A recent Bank of America Merrill Lynch listed property (AREIT) conference in Sydney brought many offshore investors together to meet the AREIT CEOs and management teams. Panels discussed topics including how to keep shopping malls relevant, the strength of the Sydney commercial market, policy impacts upon the residential sector and capital flows. Meanwhile, Myer released its revised strategy, offering insights into the department store sector. The key points that I took from these updates included:
- Successful retail assets will be ‘urban living rooms’, where people go to socialise and get kids out of the house as well as to shop. Landlords are doing whatever it takes to lure people, with some creating architectural features so that the millennials can take their Instagram pictures. Frasers has launched a new Palace Cinema at its Broadway Sydney development (called Central Park) that comprises ten screens, plus three Platinum cinemas and multiple lounge and bar areas. The lounge and bar areas provide food utilising product from existing retailers in the centre in an attempt to make everyone a winner.
- Online retailers don’t necessarily have to open physical stores, but it does help cement the brand. The great advantage of online retailers is that they know where their customers are so they can target their strongest markets by opening a physical presence nearby, typically a collection store. There is acknowledgement that the best way to convert a customer is to have a really good physical experience.
- Mirvac commented that some literature regarding the demise of retail underplays the need for human connection. People don’t buy some items online, such as clothes, and then stay inside their home. They go out to showcase their goods. People need people. Mirvac has introduced a nanny service in some centres, whereby either the nanny looks after the kids or the nanny comes along to shop. The average spend increased four times with the service.
- Westpac has been surprised about the lack of defaults thus far in the apartment markets. They’ve seen good speed to settlement with Melbourne quicker than Sydney. Some developers have been caught in Brisbane and Melbourne in cases where the banks were paid, but the developer struggled to get their equity back. It is expected there will be more issues next year.
- Around half the development sites 10 kilometres from Sydney and Melbourne are owned by Chinese interests who paid full prices. Some have come to the market seeking to get their money back (via an exit). Local players are sitting back and waiting for an excellent deal.
- Non-traditional financiers have entered the market, beating the banks recently to provide debt. One recent deal in Bondi went to a party backed by a US Teachers Pension Fund.
- Sales remain strong with Stockland and Mirvac both reporting good starts to FY18.
- After many decades of lacklustre growth, Melbourne is looking attractive. It offers cheaper rent and much lower capital values versus Sydney, albeit the cap rates are tight. Docklands is now largely developed which means supply shocks should not be as significant as in the past. It’s largely local investors buying in Melbourne as offshore buyers still want Sydney.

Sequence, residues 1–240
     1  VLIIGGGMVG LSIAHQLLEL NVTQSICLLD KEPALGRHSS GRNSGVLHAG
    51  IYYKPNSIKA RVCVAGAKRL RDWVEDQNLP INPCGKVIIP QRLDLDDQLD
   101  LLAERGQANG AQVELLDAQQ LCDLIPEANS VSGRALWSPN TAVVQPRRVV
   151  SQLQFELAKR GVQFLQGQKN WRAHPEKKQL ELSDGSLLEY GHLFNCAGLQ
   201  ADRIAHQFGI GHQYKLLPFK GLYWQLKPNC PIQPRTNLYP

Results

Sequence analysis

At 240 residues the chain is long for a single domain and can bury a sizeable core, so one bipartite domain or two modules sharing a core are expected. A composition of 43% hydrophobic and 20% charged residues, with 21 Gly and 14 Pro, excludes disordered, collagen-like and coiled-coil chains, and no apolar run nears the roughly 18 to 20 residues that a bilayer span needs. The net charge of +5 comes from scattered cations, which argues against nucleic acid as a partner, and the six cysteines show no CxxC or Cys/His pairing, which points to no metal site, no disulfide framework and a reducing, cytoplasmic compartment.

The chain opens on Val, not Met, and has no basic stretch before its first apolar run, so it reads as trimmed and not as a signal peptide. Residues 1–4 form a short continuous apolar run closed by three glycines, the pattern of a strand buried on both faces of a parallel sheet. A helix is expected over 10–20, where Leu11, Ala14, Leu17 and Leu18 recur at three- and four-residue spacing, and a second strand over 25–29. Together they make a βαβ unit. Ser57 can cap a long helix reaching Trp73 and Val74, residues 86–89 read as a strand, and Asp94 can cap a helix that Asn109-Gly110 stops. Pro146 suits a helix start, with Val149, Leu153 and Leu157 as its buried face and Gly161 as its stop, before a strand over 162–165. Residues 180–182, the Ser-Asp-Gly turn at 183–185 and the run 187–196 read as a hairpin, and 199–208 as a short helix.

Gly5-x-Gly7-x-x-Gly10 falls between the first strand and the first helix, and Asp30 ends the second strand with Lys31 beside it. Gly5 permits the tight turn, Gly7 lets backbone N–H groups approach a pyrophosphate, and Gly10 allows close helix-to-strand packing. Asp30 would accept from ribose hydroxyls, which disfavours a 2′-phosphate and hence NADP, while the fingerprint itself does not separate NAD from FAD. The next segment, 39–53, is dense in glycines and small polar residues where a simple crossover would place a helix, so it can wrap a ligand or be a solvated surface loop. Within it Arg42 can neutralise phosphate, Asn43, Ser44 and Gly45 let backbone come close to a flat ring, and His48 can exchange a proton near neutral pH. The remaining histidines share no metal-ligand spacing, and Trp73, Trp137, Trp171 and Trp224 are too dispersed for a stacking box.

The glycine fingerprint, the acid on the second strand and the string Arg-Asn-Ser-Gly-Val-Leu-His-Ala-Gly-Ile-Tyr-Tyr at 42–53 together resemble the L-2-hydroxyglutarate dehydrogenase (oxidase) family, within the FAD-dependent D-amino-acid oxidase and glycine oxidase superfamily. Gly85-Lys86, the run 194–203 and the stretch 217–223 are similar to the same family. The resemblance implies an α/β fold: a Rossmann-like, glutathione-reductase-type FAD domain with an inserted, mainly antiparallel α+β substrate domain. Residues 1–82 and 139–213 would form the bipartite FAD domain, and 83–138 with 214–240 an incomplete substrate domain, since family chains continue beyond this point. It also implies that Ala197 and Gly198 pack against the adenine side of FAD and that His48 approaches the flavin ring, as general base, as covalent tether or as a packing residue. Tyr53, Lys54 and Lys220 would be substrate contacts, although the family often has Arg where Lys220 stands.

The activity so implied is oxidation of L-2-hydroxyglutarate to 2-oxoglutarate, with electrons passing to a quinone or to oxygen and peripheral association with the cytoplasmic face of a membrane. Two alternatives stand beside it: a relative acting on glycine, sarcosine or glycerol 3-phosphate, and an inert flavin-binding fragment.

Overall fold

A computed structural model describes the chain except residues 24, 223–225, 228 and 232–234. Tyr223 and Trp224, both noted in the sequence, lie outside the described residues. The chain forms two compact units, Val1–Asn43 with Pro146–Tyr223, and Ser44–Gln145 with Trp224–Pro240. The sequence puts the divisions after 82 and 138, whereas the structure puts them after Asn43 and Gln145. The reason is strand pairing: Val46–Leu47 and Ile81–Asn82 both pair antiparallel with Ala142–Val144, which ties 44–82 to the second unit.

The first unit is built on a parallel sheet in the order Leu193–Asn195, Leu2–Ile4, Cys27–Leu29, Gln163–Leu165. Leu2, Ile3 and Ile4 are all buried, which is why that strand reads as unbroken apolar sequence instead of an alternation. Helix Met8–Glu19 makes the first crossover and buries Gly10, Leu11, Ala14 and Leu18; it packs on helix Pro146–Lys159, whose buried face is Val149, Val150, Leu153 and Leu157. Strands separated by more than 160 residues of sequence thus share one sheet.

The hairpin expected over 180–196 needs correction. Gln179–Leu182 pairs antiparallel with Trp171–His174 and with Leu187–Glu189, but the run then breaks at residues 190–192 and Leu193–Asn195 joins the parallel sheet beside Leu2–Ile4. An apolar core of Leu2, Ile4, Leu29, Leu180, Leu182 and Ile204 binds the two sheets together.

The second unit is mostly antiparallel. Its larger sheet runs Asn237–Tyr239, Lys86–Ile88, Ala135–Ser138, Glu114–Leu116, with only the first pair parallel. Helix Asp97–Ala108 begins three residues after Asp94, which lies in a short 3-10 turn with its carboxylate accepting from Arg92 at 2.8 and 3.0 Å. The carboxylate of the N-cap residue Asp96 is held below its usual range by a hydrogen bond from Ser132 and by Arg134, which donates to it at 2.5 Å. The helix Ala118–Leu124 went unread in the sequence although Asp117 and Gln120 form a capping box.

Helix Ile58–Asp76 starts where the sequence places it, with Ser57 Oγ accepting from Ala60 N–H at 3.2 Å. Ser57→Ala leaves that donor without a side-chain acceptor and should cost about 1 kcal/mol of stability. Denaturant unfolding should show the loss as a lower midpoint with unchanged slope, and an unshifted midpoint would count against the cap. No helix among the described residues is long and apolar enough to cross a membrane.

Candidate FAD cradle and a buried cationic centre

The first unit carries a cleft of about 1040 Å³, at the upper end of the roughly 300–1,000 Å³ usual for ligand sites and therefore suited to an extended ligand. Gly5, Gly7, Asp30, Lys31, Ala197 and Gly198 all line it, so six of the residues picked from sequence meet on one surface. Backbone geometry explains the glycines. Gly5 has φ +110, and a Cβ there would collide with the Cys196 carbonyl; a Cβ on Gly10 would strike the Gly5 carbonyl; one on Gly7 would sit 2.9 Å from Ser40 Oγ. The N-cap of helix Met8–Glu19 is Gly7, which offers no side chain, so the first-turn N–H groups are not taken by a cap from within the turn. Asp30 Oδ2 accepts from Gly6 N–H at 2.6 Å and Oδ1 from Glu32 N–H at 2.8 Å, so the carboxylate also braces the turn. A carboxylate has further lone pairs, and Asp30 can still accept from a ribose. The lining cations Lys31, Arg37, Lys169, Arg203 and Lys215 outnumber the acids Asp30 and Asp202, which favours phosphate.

- Expect some more REITs to sell Sydney assets with pricing cyclically high. A few expected deals include 20 Hunter St, Sydney which was bought in 2013 for about $100 million, now expected to achieve a sale price between $180-$200 million. Then there’s 1 Castlereagh St Sydney that was acquired for about $70 million and could reap around $200 million.
- Australian real estate continues to attract massive amounts of global capital. An Australian working in Asia said that everyone loves the Australian market but when he arrives home, locals are talking it down.
- It’s not a homogenous cycle with different rental conditions within sectors. For instance, in the office market, Sydney is in the latter stages of the rental cycle and Perth is at the bottom. In retail there are tough conditions and the industrial is mid cycle.
- In relation to cap rates, there’s an argument for this environment to continue (“lower for longer” or as Charter Hall called it, the “Arctic midnight”).
- The key issues in past downturns has been oversupply of space, or too much debt. Pleasingly, Australia is well placed on both fronts.
- REITs are happy to develop given comparable pricing for new assets.
Myer and its 128-page strategy update
Myer released its strategy update, recalibrating its prior sales targets due to retail sales growth slowing and declining footfalls in malls. In relation to AREITs, they will have reduced their footprint (m2) by 10% in FY18, having already closed three stores and handing back space in four stores, with an additional three store closures to occur (Hornsby, Belconnen and Colonnades). Myer acknowledged it was a tough retail environment but still have growth targets (revised down).
There have been some bad news stories out of the US with JC Penney the latest to struggle but Myer tried to quell the pain by highlighting that Australia has less department store space per person than in other developed countries, plus we have population growth. AREITs have been dealing with this issue for over a decade, with most malls reducing their exposure to department stores. However, the long-term contractual leases in place mean that Myer is liable to pay rents for many years to come.
Pat Barrett is a Property Analyst at UBS, a sponsor of Cuffelinks. This article is general information and does not consider the circumstances of any investor.